Courts in rural jurisdictions experience many of the same challenges of courts in larger more urban areas; however, the magnitude of these challenges can be quite different because of critical contextual factors. Jurisdiction over expansive geographic distances and sparse populations in or near local communities make the day-to-work of holding court difficult as do a limited number of attorneys and small populations from which to select jurors for trials. Professional isolation of judges and staff, lack of accessible programs and services for victims and offenders, and outmoded court facilities often constructed in a much earlier area further impact the administration of justice in rural communities. The Rural Court Improvement Network (RCIN) was created by JMI to help rural court leaders, as well as state court administrators, develop new and innovative approaches to overcoming the challenges they face.
In 2008, JMI, with funding from the Bureau of Justice Assistance, implemented the Rural Court Improvement Network to strengthen the ability of state court systems and rural court leaders to improve court operations in rural areas by emphasizing the sharing of information and ideas about promising approaches and practices, and fostering peer-to-peer learning among court system leaders at the state and local levels.
Innovation that is common in larger urban courts is not easily transferable to rural courts for a variety of reasons. Rural judges and court staff are, by necessity, generalists, who are required to handle all of the procedures in all case types with the same skills that a staff of 50 or 150 might handle in a larger court. Access to expertise and services necessary for resolving cases, including specialized staff and docketing practices, are generally not available options in rural courts. Certain specialized services—e.g., substance abuse and mental health treatment services; domestic violence prevention programs—are often non-existent or extremely difficult to access in rural counties. In some rural areas there are significant immigrant populations, and language barriers often create a need for qualified interpreters that cannot easily be met. It is common for rural counties to have part-time judges and (in limited jurisdiction courts) to have non-attorney judges, part-time prosecutors, and very limited law enforcement presence. The RCIN was designed to help rural court leaders understand their unique needs and constraints, identify potential solutions to their common problems, and explore new approaches.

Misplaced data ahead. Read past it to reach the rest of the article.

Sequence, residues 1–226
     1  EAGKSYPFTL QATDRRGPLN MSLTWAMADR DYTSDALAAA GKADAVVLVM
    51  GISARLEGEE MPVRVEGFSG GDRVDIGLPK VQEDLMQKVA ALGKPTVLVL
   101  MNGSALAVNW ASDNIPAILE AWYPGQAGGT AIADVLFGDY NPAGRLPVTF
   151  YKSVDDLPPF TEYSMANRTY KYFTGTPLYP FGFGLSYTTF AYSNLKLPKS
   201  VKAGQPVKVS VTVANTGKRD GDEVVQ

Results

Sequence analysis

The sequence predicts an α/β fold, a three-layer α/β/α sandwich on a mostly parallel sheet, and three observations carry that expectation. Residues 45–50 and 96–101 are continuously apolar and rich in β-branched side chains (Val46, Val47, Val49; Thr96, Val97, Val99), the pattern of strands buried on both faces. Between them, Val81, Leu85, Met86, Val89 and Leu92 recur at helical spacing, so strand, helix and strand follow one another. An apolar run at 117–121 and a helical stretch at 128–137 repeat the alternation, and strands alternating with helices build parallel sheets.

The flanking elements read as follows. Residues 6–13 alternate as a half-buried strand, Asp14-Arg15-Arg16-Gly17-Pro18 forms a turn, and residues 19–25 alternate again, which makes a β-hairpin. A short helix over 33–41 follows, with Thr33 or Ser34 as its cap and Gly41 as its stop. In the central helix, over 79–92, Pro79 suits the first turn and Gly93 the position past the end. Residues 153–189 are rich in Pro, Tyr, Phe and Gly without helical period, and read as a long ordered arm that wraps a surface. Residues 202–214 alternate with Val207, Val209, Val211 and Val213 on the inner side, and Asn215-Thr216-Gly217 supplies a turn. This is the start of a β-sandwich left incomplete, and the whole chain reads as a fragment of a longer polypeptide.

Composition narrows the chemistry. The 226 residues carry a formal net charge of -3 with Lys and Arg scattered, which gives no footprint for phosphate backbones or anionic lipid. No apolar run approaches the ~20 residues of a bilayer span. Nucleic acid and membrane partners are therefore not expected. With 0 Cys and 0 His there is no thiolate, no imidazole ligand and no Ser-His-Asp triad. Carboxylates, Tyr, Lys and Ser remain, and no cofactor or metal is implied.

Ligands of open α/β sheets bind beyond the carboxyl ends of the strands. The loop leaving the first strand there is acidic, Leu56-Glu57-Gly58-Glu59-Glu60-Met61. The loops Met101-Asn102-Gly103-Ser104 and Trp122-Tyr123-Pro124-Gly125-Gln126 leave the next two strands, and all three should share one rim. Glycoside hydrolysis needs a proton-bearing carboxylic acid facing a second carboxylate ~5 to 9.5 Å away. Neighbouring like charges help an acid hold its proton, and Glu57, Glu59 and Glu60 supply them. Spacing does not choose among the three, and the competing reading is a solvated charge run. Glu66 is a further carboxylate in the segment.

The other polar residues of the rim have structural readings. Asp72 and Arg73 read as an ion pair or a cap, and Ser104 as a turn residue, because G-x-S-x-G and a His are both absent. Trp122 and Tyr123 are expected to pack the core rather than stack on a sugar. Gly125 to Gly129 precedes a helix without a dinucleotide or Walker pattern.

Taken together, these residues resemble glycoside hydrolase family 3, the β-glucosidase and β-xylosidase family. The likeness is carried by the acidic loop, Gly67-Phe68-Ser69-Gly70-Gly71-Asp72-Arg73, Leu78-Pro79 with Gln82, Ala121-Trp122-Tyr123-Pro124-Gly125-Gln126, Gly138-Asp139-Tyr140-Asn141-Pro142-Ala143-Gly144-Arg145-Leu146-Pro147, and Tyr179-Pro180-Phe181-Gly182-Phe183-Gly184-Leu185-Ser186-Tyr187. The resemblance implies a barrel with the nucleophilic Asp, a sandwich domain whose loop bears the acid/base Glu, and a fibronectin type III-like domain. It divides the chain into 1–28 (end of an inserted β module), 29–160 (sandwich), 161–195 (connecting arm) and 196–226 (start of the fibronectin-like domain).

Although it is clear that the challenges facing rural courts are different than in urban courts, there is a tremendous amount of innovation that occurs. In fact, rural courts often have a significant advantage over larger courts for experimenting with new strategies because of their smaller size—collaboration is often easier because key decision makers know and trust each other and challenges impact everyone in the system making it easier to work together to find strategies that are beneficial to all. Over the years, the RCIN has highlighted several of these innovations.
Click on the links below to read more about innovations in each area.
To join the Rural Court Information Network list serve, complete the form below and click the sign up button.
For more information about the Rural Court Information Network, please contact JMI at (703) 414-5477 or send an e-mail to email@example.com.
Nugent-Borakove, E., Mahoney, B., & Whitcomb, D. (2011). Strengthening Rural Courts: Challenges and Progress. Future Trends in State Courts.
Nugent-Borakove, E., Mahoney, B. (Summer 2011) The Context of Rural Justice: Rural Court Networks. Court Manager 26(2), 26-30.